Coronavirus: lessons learned to date report published
12 October 2021
Covid vaccine programme “one of most effective initiatives in UK history” but delay to first lockdown a “serious error” that should have been challenged.
- Read the full report (HTML)
- Read the report's summary (HTML)
- Read the report's conclusions and recommendations (HTML)
- Read the full report (PDF)
- Find all publications related to this inquiry, including oral and written evidence
The House of Commons and Science and Technology Committee and Health and Social Care Committee have published their Report, Coronavirus: lessons learned to date, examining the initial UK response to the covid pandemic.
The 150-page Report contains 38 recommendations to the Government and public bodies, and draws on evidence from over 50 witnesses—including Rt Hon Matt Hancock MP, Professor Chris Whitty, Sir Patrick Vallance, Sir Simon Stevens, Dame Kate Bingham, Baroness Harding of Winscombe and Dominic Cummings—as well as over 400 written submissions.
The Report was agreed unanimously by members of both Select Committees, which consist of 22 MPs from three political parties—Conservative, Labour and SNP.
The joint inquiry, which began in October 2020, examined six key areas of the response to covid-19: the country's preparedness for a pandemic; the use of non-pharmaceutical interventions such as border controls, social distancing and lockdowns to control the pandemic; the use of test, trace and isolate strategies; the impact of the pandemic on social care; the impact of the pandemic on specific communities; and the procurement and roll-out of covid-19 vaccines.
The inquiry concluded that some initiatives were examples of global best practice but others represented mistakes. Both must be reflected on to ensure that lessons are applied to better inform future responses to emergencies.
- The forward-planning, agility and decisive organisation of the vaccine development and deployment effort will save millions of lives globally and should be a guide to future Government practice;
- The delays in establishing an adequate test, trace and isolate system hampered efforts to understand and contain the outbreak and it failed in its stated purpose to avoid lockdowns;
- The initial decision to delay a comprehensive lockdown—despite practice elsewhere in the world—reflected a fatalism about the spread of covid that should have been robustly challenged at the time;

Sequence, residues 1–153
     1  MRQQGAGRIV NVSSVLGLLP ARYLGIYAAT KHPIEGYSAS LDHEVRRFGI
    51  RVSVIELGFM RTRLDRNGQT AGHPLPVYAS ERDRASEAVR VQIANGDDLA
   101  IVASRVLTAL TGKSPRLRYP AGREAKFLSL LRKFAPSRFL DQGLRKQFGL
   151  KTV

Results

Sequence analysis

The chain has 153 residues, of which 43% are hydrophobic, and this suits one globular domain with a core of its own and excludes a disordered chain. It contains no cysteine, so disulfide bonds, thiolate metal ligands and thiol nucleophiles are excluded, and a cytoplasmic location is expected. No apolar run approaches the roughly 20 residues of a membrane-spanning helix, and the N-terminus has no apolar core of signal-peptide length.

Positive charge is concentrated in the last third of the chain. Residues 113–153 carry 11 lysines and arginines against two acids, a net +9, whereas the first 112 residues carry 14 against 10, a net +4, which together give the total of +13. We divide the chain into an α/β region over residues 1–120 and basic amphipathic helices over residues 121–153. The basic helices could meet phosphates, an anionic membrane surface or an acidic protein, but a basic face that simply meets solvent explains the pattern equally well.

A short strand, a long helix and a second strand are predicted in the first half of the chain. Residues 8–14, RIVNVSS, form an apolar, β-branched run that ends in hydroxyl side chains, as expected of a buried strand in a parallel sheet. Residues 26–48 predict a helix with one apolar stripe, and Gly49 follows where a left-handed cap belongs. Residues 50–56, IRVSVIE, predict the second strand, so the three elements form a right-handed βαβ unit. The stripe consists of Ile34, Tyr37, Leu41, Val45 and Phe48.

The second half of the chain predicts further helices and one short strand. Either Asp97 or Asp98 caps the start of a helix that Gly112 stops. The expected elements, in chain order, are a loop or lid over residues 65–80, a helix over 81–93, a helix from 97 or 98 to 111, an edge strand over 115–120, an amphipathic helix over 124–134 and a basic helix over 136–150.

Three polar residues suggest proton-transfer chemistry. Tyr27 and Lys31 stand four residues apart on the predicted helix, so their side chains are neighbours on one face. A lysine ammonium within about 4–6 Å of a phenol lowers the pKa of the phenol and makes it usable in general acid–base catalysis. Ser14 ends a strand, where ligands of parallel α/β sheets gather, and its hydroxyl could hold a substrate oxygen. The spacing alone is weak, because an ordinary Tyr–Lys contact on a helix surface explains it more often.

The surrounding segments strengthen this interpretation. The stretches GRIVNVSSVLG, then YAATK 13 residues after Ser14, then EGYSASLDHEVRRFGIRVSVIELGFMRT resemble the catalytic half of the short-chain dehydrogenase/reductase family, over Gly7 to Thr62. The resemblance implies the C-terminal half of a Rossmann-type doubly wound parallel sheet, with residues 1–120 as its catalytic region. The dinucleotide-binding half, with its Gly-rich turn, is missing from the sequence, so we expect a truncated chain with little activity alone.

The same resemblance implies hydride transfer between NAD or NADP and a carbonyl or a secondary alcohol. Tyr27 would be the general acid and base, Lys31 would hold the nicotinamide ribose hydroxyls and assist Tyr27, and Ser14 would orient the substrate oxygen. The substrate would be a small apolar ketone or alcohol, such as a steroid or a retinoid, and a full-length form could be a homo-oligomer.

- Social care was not given sufficient priority in the early stages of the pandemic;
- The experience of the covid pandemic underlines the need for an urgent and long term strategy to tackle health inequalities; and
- The UK’s preparedness for a pandemic had been widely acclaimed in advance, but performed less well than many other countries in practice.
The 38 recommendations made, if implemented by the Government and by public bodies such as the NHS, would ensure that during the remaining period of the pandemic and in any new emergency, the UK could perform better by having distilled lessons—positive and negative—from the UK’s initial response to covid.
In a joint statement on the publication of the Coronavirus: lessons learned to date Report, Rt Hon Jeremy Hunt MP, Chair of the Health and Social Care Committee, and Rt Hon Greg Clark MP, Chair of the Science and Technology Committee, said:
"The UK response has combined some big achievements with some big mistakes. It is vital to learn from both to ensure that we perform as best as we possibly can during the remainder of the pandemic and in the future.
Our vaccine programme was boldly planned and effectively executed. Our test and trace programme took too long to become effective. The Government took seriously scientific advice but there should have been more challenge from all to the early UK consensus that delayed a more comprehensive lockdown when countries like South Korea showed a different approach was possible.
In responding to an emergency, when much is unknown, it is impossible to get everything right. We record our gratitude to all those—NHS and care workers, scientists, officials in national and local government, workers in our public services and in private businesses and millions of volunteers—who responded to the challenge with dedication, compassion and hard work to help the whole nation at one of our darkest times.”
The Report includes an Executive Summary with conclusions, recommendations and lessons learned at the end of each Chapter.